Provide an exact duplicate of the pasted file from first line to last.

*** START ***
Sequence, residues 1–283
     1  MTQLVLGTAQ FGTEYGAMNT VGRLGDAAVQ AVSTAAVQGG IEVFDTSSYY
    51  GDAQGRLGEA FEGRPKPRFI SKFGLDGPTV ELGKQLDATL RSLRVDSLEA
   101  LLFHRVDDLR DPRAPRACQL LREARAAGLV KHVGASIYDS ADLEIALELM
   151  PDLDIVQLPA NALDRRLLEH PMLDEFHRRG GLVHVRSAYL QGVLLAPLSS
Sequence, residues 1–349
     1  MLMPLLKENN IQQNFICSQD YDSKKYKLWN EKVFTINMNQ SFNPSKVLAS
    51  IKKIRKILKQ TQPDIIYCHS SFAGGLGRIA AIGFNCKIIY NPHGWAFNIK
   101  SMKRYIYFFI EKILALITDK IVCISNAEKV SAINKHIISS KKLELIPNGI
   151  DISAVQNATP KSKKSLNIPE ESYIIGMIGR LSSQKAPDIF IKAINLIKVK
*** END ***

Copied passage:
Sequence, residues 1–283
     1  MTQLVLGTAQ FGTEYGAMNT VGRLGDAAVQ AVSTAAVQGG IEVFDTSSYY
    51  GDAQGRLGEA FEGRPKPRFI SKFGLDGPTV ELGKQLDATL RSLRVDSLEA
   101  LLFHRVDDLR DPRAPRACQL LREARAAGLV KHVGASIYDS ADLEIALELM
   151  PDLDIVQLPA NALDRRLLEH PMLDEFHRRG GLVHVRSAYL QGVLLAPLSS
Sequence, residues 1–349
     1  MLMPLLKENN IQQNFICSQD YDSKKYKLWN EKVFTINMNQ SFNPSKVLAS
    51  IKKIRKILKQ TQPDIIYCHS SFAGGLGRIA AIGFNCKIIY NPHGWAFNIK
   101  SMKRYIYFFI EKILALITDK IVCISNAEKV SAINKHIISS KKLELIPNGI
   151  DISAVQNATP KSKKSLNIPE ESYIIGMIGR LSSQKAPDIF IKAINLIKVK